Last summer, the International Visitor’s Council in Philadelphia asked the Library Company to host a group from Uzbekistan visiting the US for a State Department-sponsored program on library conservation. On July 23, I welcomed a delegation that included Ms. Nargiza Zaitova, Head of the Department of Rare Collections and Manuscripts of the National Library of Uzbekistan in Tashkent; Ms. Zulhumor Hadjaniyazova, Head of the Department of Rare Collections for the Information and Library Center in Khorezm Province; Ms. Gulnorahon Ismailova, Director of the Information and Library Center in Andijan Province; and Ms. Venera Lentovskaya, Deputy Director of the Information and Library Center in Namangan Province.
Two interpreters carrying portable simultaneous translation equipment were able to render John Van Horne’s introductory remarks to the group into Uzbek in real time. For the rest of the tour, we muddled through with sequential translation by these talented and resourceful linguists.
Our guests were full of admiration for the history and operations of the Library Company (even if we couldn’t wow them with our great antiquity as we do many American visitors), and especially inspired by a stop in the bindery. Having seen the condition of archives in various developing countries, I could only imagine some of the environmental hazards they were up against in Tashkent and Khiva. After leaving the bindery we headed into the stacks for the pièce de résistance of any Library Company tour.
In my first year on the job, I had tagged along as John gave any number of tours of the treasures of our Americana collection, so I headed confidently to the fifth floor. My guests listened politely to my discussion of our colonial imprints—then someone asked if we had any Korans. Hoping very much that we did, I led the group uncertainly to the Northeast corner of the building where, I had only recently learned, we kept early imported imprints. I scoured the spines on the shelves anxiously and hoped that it wouldn’t be apparent to all that I had no idea what I was doing. With some relief, I spotted a run of fat glossy bibles in the second stack row I tried. I knew enough to know that our non-Americana holdings were still organized by subject, so I felt certain that if we had a Koran it would be nearby.
Turning to the facing shelf, my heart leapt at the sight of “l’Alcoran de Mahomet” on a pair of duodecimo volumes. I lifted one of the little books off the shelf, so much daintier than the quarto bibles covered in heavy calf across the aisle. Bound in milky vellum, the little volume was a French translation of the Koran by “le Sieur du Ryer” published in Amsterdam in 1672. Unlike the volume’s mate on the shelf—a Koran in Latin and Arabic from 1698—our French Koran read left to right, enabling me to find the vivid red-and-black title page on the first try.
My Uzbek visitors were delighted. It was clearly meaningful for them to find editions of the holy book of their faith on the shelves of a distinguished American rare book library. I was moved to have helped make this connection between our respective book cultures and, by proxy, between our nations and histories.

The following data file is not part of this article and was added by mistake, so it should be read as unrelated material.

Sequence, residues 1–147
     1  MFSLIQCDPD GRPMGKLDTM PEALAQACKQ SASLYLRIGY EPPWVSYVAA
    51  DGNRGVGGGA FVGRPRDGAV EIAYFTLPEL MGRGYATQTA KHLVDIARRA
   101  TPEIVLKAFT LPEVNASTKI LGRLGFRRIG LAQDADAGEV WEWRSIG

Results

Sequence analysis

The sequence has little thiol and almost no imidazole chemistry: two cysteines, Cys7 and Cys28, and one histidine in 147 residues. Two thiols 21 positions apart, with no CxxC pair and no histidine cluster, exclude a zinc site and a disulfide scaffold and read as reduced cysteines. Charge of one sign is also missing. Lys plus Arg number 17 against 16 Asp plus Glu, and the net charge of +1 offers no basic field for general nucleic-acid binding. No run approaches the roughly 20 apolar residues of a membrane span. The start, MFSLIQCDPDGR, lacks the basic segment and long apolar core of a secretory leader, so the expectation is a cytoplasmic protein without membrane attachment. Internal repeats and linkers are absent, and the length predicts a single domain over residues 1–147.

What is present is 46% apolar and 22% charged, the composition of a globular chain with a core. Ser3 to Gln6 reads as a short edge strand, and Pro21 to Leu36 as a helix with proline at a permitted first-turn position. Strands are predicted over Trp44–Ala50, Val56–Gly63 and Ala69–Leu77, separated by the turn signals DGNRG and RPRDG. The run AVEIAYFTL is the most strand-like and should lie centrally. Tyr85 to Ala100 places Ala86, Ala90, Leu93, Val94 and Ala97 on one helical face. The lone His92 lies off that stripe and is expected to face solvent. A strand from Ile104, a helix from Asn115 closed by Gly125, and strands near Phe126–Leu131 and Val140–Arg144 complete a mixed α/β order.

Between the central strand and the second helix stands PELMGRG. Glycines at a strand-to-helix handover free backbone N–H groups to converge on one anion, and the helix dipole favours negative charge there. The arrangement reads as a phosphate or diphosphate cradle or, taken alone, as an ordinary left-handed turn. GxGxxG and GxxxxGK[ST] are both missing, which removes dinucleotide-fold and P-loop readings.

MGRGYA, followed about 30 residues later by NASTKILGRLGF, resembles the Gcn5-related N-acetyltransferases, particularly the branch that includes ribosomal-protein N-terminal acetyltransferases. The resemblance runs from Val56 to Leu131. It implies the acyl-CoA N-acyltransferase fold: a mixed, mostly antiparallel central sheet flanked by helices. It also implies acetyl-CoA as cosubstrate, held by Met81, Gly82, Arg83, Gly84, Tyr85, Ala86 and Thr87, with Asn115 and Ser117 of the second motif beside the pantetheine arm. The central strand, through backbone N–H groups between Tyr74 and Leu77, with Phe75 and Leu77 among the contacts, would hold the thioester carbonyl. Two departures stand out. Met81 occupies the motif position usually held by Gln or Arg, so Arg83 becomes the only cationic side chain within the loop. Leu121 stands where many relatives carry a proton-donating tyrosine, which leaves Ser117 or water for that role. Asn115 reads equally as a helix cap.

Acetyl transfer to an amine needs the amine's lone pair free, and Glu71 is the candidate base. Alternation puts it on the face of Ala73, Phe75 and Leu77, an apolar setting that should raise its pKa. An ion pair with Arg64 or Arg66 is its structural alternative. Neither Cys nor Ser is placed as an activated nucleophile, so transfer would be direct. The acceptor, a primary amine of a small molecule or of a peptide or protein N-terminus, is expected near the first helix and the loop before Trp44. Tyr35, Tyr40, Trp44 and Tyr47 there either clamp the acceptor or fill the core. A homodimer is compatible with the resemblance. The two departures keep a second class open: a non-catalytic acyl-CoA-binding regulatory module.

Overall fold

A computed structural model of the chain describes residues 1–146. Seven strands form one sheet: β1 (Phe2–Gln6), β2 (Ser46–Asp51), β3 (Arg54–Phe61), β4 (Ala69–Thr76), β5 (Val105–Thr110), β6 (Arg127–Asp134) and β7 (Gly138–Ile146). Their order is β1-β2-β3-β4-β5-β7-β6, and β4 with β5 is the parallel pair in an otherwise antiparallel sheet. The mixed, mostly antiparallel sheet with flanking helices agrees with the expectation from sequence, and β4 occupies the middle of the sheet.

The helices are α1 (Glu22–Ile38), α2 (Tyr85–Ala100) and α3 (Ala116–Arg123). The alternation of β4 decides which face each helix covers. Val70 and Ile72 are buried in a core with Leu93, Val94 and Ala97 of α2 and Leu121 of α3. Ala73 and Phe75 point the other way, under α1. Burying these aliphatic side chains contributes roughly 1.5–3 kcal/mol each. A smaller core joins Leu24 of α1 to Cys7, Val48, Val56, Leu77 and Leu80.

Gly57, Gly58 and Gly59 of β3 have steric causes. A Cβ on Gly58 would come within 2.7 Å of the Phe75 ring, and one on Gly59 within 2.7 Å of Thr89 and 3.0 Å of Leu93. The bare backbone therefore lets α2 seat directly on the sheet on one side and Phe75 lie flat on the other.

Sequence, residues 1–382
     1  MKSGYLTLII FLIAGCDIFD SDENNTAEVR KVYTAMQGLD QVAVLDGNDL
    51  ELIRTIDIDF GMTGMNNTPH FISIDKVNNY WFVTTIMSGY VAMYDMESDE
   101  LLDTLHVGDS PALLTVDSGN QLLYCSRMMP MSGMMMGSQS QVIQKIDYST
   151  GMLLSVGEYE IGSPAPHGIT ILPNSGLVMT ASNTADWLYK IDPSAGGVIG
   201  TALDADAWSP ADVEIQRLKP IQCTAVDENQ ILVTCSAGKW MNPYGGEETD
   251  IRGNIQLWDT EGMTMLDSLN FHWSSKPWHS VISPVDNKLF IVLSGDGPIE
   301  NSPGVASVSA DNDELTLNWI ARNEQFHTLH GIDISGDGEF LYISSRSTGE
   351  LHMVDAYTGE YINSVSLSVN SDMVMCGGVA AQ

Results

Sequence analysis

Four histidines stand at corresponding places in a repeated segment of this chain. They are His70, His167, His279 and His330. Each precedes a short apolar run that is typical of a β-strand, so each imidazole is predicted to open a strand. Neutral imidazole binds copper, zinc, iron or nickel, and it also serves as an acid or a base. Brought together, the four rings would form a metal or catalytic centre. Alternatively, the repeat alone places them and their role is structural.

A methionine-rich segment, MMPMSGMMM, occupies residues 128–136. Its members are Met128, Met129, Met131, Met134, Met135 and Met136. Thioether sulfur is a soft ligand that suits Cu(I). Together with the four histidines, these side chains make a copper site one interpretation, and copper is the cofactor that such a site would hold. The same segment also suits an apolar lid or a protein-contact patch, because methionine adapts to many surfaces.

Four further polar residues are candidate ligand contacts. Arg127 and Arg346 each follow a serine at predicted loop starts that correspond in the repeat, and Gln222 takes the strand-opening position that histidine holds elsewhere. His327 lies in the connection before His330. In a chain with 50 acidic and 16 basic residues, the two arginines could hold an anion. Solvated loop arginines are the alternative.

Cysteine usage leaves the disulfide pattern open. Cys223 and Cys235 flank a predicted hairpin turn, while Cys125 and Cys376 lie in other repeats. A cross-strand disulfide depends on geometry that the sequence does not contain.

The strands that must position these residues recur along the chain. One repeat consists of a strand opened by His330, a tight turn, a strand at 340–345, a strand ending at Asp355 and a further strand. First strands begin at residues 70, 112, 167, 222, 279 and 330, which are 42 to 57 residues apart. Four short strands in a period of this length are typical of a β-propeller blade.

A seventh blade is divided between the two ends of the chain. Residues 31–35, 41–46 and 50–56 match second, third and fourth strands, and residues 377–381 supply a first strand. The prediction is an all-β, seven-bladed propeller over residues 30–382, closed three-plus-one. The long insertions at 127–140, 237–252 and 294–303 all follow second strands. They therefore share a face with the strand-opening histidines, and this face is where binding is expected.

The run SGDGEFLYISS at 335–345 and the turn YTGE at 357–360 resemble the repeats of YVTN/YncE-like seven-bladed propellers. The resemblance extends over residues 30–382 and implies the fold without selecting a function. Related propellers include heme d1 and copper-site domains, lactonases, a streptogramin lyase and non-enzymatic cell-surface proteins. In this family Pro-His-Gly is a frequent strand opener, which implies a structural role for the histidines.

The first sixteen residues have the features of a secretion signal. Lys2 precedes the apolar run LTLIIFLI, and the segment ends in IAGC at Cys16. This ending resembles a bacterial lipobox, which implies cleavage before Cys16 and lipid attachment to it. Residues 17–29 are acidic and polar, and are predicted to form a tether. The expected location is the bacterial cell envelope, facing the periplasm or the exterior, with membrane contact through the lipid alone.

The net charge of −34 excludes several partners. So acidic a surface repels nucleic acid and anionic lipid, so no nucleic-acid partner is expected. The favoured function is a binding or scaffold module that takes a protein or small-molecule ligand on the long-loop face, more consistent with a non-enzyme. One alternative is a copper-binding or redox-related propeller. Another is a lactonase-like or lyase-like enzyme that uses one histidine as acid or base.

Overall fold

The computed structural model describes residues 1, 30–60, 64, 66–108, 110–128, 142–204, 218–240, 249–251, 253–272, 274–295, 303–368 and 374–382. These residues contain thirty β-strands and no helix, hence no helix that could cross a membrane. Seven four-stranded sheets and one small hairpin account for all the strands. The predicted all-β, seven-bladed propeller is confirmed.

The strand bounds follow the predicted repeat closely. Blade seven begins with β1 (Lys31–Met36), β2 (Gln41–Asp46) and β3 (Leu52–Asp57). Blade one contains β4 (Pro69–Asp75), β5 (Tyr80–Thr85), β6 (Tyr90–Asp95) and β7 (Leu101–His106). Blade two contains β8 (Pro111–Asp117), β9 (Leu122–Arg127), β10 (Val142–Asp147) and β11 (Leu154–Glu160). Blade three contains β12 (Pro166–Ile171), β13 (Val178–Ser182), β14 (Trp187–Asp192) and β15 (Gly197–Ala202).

When my visitors took their leave after almost two hours with us, they graciously pressed on me some representative gifts and a brochure about Uzbekistan’s national libraries. It wasn’t until casually flipping through the brochure back at my desk that I understood the full charge of the connection we had made. Among the mind-blowing pictures of ancient illuminated manuscripts, I found the title page of a small French-language Koran, printed in matching red-and-black typeface. Though closer inspection shows that the volumes are not from the same edition, the family relationship between these precious little books—one in Tashkent and one in Philadelphia—feels like a real bond.
My colleagues had longed to know how our little “Alcoran” had come into the collection and I had no satisfying information to offer them. As it happens, despite a bookplate designating the volume as part of the Loganian Library, the trail is probably cold. Only three of the Library Company’s 12 Korans had belonged to James Logan in his lifetime. According to Chief of Reference Connie King, after our acquisition of the Loganian Library in 1792 we continued to assign newly acquired rare imprints to that collection. She surmises that we probably purchased M. du Ryer’s effort sometime early in the nineteenth century.
Spanning the period from 1627 to 1806, our Korans include 1 in the proper Arabic (for the faithful, translating the Koran is a no-no), 2 in Arabic and Latin, 1 in Latin, 4 in French, 1 in German, and 3 in English. Two of the English volumes are retranslations based on Andre du Ryer’s efforts (we learn the translator's given name from the Uzbek copy)—including the first American edition from Springfield, MA, in 1806—and one (London, 1734) is an original translation.
The wealth and power of the Ottoman Empire induced any number of Europeans to want to take a closer look at this text, and the fruit of their scholarly curiosity is now a cherished part of the national and international book heritage housed on our shelves. The IVC representative who had arranged the visit noted in her initial correspondence that Uzbekistan has historically been the repository for knowledge in Central Asia, and the brochure left by our visitors makes clear the depth and breadth of history preserved in their institutions. In this way, they are our Central Asian mirror image. I hope that this visit is just the beginning of increasingly meaningful connections between our institutions and others like them around the world.